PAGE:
Utah Republican Sen. Orrin Hatch, who is also a member of the Intelligence Committee, said he had been given details about the program and was satisfied — but not absolutely certain — that it is constitutional. "I am familiar with the program," Hatch said, "and I have to say that I agree with [the] proposition that the Congress cannot take away the president's authority under Article Two of the Constitution."
-From National Review
Article II, Section 2, Clause 1: "The President shall be Commander in Chief of the Army and Navy of the United States, and of the Militia of the several States, when called into the actual Service of the United States; he may require the Opinion, in writing, of the principal Officer in each of the executive Departments, upon any Subject relating to the Duties of their respective Offices, and he shall have Power to grant Reprieves and Pardons for Offences against the United States, except in Cases of Impeachment. "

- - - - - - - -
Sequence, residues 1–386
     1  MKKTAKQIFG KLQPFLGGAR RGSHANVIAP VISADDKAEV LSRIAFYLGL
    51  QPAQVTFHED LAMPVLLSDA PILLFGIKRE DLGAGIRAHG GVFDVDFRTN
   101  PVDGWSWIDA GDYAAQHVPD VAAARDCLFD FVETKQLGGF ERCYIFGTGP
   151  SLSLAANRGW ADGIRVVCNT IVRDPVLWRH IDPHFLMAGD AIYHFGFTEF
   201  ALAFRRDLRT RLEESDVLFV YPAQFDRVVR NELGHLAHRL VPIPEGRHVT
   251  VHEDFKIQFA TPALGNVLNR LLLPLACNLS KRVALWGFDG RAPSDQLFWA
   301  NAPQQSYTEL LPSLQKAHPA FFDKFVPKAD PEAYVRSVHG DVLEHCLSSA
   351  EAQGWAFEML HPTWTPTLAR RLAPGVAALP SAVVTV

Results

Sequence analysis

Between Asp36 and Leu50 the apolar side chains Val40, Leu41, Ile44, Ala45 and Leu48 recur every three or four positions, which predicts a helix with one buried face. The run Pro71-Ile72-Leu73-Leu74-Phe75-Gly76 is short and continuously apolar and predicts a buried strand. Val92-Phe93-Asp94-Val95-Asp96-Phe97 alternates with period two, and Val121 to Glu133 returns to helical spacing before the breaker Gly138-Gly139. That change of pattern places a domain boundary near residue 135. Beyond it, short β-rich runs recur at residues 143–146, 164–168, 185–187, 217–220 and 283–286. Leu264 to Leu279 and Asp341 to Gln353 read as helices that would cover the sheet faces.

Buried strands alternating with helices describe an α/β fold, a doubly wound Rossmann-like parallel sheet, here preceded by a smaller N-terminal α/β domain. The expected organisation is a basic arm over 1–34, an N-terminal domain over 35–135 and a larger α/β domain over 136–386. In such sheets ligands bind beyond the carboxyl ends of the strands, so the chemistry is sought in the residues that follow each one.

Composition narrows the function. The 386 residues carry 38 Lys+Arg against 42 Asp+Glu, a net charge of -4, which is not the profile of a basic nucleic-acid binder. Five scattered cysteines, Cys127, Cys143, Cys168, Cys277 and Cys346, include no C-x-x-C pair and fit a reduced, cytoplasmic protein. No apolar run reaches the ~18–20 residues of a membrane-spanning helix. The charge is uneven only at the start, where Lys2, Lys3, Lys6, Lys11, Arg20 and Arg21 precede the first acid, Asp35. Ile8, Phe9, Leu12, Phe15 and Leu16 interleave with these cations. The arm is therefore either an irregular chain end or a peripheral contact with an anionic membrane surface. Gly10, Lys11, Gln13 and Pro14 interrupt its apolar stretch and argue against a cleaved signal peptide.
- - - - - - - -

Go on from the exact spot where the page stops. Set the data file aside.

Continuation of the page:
That's the only mention in Article II about being Commander in Chief. And there's nothing about making up, or being above, the laws. War, or no war.
Oh, and only Congress can decalare war (Article I). The last time they did that was December 9, 1941 (Germany).